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The U.S. Air Force concluded this week that its service members were not at fault for the death of several Afghans who died during the chaotic withdrawal from Kabul after they fell from the exterior of a military plane or were found crushed in the wheels.
Air Force officials said Monday they would not seek disciplinary action against the crew members who flew a C-17 cargo plane from Kabul to Qatar last August following an investigation by the Air Force Office of Special Investigations.
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Air Force spokeswoman Ann Stefanek said the investigation found the crew exercised “sound judgment” amid an “unprecedented” crisis after dozens of Afghans swarmed the military plane as it attempted to take off.
Cellphone footage showed two dark dots falling from a C-17 plane as it took off.
The footage was later determined to have depicted Afghan individuals falling seconds apart from one another after they attempted to cling onto the exterior of the plane.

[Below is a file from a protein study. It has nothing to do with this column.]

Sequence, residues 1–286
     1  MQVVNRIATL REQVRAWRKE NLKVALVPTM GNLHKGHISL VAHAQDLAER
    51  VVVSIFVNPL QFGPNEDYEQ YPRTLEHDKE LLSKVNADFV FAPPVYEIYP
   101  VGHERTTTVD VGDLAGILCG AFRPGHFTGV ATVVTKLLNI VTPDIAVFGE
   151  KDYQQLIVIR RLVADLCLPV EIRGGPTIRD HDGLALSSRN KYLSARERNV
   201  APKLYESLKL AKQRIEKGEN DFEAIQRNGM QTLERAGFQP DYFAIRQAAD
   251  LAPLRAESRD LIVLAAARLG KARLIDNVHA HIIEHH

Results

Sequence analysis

Military officials also found the remains of at least one individual in the plane’s wheel wells after it landed in Qatar.
It remains unclear how many Afghans died as they attempted to flee Kabul following the Taliban takeover by desperately clinging to the plane.
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Though two dots were seen falling from the plane, two bodies were found to have landed on the same rooftop – suggesting they fell at the same time.
One of the bodies was identified as 24-year-old dentist Fida Mohammad, while the other was later identified as a young man named Safiullah Hotak.
It is unclear if a third individual was found after falling from the same aircraft.
At least one individual was also found to have been crushed to death on the tarmac by one of the C-17’s wheels.
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Military officials determined the Air Force crew members acted “in compliance with applicable rules of engagement specific to the event and the overall law of armed conflict,” said Stefanek.
The spokeswoman referred to the events as “tragic” but said the crew “acted appropriately” in deciding “to get airborne as quickly as possible.”
The Associated Press contributed to this report.